Moving from millions to billions

Jahangir Mohammed
07 Nov 2007
00:00

Everywhere around you, machines are talking. In fact, over 110 million machines talk to one another today without human intervention. It's an impressive number, but most analysts predict that within the next 10 years, there will be more connected machines than the six billion people walking the planet today.

On the business front, over $32 billion was spent on machine-to- machine (M2M) service just last year according to Harbor Research, while growth in the cellular M2M service provider market is expected to quadruple, growing at 27% worldwide, and reach $8 billion by 2012, according to ABI Research.

The wonder of machines talking is often captured by spectacular, but not always practical, sci-fi examples. Here, refrigerators automatically order milk for you before the last drop hits your cereal bowl. Security clearance chips embedded under your skin prove your identity. Sure, they're provocative examples, but they also are the ones most unlikely to become a mass market reality in the next few years.

The millions of machines talking today can be found in less glamorous, but far more useful, applications "”navigation devices that provide real-time traffic updates, security systems that can't be compromised with a few wire snips, instant insight into the location of your children, pay-as-you-drive auto insurance, elimination of credit card theft with pay-at-the-table solutions, automatic alerts provided to emergency medical staff when you've been in an accident "” the list goes on and on.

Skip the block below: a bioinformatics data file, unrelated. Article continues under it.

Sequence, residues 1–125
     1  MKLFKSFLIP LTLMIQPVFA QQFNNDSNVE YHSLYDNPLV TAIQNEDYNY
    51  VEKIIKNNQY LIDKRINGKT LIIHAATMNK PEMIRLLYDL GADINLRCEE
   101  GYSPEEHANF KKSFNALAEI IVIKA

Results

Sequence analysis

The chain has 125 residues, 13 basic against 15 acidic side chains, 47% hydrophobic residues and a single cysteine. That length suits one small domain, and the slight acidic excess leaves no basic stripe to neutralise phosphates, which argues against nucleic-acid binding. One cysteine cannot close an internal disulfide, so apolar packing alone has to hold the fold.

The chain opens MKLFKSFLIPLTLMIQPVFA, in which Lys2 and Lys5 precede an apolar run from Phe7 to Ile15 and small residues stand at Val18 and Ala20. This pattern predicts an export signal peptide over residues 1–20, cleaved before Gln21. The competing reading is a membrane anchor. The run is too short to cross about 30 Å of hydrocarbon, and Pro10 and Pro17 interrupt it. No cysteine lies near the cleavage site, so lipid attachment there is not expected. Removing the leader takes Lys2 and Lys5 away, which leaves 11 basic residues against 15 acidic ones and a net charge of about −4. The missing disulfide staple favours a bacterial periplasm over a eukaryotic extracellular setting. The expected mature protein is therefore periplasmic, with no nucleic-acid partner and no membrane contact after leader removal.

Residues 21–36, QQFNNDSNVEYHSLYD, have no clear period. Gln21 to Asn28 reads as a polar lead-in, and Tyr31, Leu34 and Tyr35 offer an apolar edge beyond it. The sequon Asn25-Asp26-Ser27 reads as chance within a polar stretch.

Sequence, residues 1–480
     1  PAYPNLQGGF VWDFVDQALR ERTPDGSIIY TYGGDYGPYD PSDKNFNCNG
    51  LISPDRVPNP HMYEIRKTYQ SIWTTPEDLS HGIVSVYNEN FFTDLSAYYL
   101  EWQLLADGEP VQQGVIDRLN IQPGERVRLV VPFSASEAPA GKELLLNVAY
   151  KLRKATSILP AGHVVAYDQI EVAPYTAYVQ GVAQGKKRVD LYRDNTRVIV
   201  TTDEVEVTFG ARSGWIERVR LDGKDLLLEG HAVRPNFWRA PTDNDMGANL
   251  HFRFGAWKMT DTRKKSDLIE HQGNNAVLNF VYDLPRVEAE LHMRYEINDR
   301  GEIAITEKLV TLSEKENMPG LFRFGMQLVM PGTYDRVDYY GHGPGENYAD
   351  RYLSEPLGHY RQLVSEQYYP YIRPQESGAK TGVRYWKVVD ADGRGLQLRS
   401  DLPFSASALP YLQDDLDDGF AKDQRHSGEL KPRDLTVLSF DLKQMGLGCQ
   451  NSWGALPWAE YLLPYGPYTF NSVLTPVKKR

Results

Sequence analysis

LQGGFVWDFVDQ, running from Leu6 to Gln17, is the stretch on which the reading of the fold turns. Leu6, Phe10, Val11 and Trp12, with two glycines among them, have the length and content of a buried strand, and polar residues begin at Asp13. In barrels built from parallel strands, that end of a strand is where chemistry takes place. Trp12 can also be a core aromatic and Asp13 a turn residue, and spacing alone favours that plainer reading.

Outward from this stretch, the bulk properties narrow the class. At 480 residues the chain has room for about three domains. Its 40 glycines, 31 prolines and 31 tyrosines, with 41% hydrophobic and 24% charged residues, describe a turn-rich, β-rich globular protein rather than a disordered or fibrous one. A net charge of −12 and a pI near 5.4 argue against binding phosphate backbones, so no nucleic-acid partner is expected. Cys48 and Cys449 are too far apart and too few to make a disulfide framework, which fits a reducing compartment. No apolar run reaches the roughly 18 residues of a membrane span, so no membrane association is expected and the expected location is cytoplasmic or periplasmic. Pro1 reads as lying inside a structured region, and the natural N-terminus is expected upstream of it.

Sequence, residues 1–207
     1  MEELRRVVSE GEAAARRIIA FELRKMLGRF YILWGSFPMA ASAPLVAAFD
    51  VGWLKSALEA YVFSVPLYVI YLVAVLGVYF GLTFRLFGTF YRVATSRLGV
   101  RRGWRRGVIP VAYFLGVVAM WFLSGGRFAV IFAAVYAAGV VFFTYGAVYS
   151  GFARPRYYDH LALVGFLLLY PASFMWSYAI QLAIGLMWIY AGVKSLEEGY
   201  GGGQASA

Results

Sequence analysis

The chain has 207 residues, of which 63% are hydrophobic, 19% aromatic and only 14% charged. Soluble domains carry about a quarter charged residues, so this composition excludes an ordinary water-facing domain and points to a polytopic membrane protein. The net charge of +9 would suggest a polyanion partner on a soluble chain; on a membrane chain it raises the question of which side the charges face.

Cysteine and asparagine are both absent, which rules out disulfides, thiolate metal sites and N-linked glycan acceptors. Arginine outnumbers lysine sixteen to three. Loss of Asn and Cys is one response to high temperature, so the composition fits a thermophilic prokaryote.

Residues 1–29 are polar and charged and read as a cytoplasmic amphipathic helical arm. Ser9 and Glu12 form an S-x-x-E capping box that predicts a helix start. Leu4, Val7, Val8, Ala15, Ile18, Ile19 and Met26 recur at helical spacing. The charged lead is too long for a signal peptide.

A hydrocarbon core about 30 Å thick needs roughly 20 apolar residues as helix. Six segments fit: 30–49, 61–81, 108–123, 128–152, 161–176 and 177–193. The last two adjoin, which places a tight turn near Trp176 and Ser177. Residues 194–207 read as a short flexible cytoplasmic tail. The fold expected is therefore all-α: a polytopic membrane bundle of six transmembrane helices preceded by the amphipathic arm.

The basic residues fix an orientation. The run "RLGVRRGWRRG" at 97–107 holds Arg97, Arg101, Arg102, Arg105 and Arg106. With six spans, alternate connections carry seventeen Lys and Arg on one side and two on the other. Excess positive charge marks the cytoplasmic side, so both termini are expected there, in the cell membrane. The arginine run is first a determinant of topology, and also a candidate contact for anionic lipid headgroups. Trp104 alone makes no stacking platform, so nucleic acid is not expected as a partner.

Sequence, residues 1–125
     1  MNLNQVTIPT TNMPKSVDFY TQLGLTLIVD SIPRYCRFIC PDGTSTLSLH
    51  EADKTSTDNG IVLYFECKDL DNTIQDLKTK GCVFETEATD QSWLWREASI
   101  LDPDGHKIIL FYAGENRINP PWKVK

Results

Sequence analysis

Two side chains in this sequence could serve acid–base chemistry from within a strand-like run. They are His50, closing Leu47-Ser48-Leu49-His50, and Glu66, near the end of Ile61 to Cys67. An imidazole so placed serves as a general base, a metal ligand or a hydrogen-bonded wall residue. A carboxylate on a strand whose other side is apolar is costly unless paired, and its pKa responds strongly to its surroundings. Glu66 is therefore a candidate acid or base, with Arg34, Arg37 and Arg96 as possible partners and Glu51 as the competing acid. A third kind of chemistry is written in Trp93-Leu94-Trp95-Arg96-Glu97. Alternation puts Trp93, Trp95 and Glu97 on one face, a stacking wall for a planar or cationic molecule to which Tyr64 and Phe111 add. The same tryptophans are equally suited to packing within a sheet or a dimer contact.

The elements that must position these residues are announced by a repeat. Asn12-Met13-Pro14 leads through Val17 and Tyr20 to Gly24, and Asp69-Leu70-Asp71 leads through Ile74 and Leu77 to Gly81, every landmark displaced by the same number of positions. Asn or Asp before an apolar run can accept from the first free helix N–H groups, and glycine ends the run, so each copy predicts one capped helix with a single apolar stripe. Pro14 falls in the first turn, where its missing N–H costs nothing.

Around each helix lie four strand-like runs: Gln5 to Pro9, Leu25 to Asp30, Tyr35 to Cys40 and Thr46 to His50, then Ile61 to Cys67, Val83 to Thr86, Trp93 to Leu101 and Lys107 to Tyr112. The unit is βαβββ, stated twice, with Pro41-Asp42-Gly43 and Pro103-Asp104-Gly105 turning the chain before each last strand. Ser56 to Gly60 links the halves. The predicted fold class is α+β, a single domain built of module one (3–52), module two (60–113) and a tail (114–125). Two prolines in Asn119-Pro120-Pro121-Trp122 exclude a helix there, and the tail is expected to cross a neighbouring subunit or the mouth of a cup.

The amazing thing is that applications like these are just the tip of the iceberg. And this week at DEMOfall 07 in San Diego, we launched our company - Jasper Wireless - to accelerate the pace at which the world can move from millions to billions of connected machines.

The bottom line is this: To reach billions of connected machines, it takes more than just cellular communications. Manufacturers need to connect more machines across country lines profitably, and they need to be able to monitor and manage those remote assets. The good news is that it is already happening today. Here are just a few of the ways:

For one very large global transportation company with on-board computers in 40,000 trucks throughout Europe, crossing country boundaries is an everyday business reality. Instead of working with 13 different mobile operators to get local coverage rates, the company uses a single global SIM and a centralized control center to keep track of the conditions of their fleet.

Today, auto dealers, financing companies, insurance companies, and others can install a device in a car at the time of sale to remotely control the engine starter. This prevents a car from starting when the owner misses a payment.

When customers purchase dash navigation devices in a store, they are assured the devices will work directly out of the box.

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